A name for a peaceful ruler

King Frederick the Great (Friedrich II) of Prussia, 1712–1786

I’ve long adored the name Frederick in many of its international forms. It derives from a Germanic name meaning “peaceful ruler,” from the elements fridu (peace) and rih (ruler; power; king). Though it’s historically been very common in German-speaking areas, it took a long time to catch on in the Anglophone world.

The invading Normans brought this name to England in 1066, but it soon dropped from popularity. In the 18th century, it returned by way of the German-born House of Hanover inheriting the British throne.

American abolitionist, social reformer, writer, and orator Frederick Douglass (né Frederick Augustus Washington Bailey), 1817 or 1818–1895

Frederick was #33 in the U.S. in 1880 (its highest rank to date), and remained on the Top 100 till 1957. In 2021, it was #476. The name is much more popular in England and Wales, where it was #61 in 2021, and has been on the Top 100 since 2009. It was also Top 100 in 2005 and 2006.

Other forms of the name include:

1. Friedrich is German. Nicknames are Fritz, Fred, and Fiete.

2. Frederik is Dutch, Danish, and Afrikaans. Dutch nicknames are Frits, Freek (rhymes with rake and brake), Freddy, Fred, and Rik.

3. Fredrik is Swedish, Norwegian, and Finnish.

4. Frédéric is French. Without accent marks, Frederic is Catalan.

5. Fryderyk is Polish.

6. Frederico is Portuguese.

7. Federico is Spanish and Italian.

8. Federigo is old Italian.

9. Frīdrihs is Latvian.

10. Fricis is also Latvian.

Polish composer Frédéric François (né Fryderyk Franciszek) Chopin, 1810–1849

11. Friderik is Slovenian.

12. Friðrik is Icelandic.

13. Frigyes is Hungarian. It’s kind of pronounced like FREED-yesh. The Hungarian letter GY is like the soft, barely perceptible DY in due, during, and endure.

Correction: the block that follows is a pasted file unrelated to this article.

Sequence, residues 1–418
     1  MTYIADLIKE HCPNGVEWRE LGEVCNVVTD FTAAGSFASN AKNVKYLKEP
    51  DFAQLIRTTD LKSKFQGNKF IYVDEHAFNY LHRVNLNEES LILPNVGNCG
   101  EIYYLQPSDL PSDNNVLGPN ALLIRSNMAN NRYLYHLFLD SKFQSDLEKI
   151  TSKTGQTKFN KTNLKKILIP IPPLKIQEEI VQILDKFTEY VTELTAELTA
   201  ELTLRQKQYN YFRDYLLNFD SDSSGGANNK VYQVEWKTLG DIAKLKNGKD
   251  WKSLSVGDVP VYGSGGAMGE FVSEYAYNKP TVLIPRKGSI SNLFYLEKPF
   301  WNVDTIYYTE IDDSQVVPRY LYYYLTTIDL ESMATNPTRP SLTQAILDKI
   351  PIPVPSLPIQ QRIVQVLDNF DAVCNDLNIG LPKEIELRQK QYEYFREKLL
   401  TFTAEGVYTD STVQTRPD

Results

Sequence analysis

14. Fridrik is Croatian.

15. Fridrikh is Russian.

16. Federicu is Corsican and Sardinian.

17. Federich is Piedmontese.

18. Fidericu is Sardinian.

19. Frederig is Breton.

20. Frydrykh is Belarusian.

Latvian Riflemen commander and colonel Frīdrihs Briedis, 1888–1918

21. Frydrichas is Lithuanian.

22. Fridrih is Serbian.

23. Frédéris is Norman.

24. Frederikas is Lithuanian.

25. Freadaraig is Scottish.

26. Federiku is Maltese.

27. Fríðrikur is Faroese.

28. Freiderikos is Greek.

29. Feardorcha is Irish.

30. Ffredrig is Welsh.

Italian Cardinal and Archbishop Federico Borromeo, 1564–1631

31. Fadri is Romansh.

32. Fretterat, or Fretterret, is Sami.

33. Priidik is Estonian. Nicknames include Priit and Priidu.

34. Peleke is Hawaiian.

35. Bedřich is Czech.

36. Rietrikki is a rare, archaic Finnish form.

Princess Frederica Charlotte of Prussia, later Duchess of York and Albany (1767–1820)

Female forms include:

1. Fredericka is English.

2. Frederica is Portuguese, Gascon, Provençal, Languedocian, Galician, and English.

3. Federica is Italian and Corsican.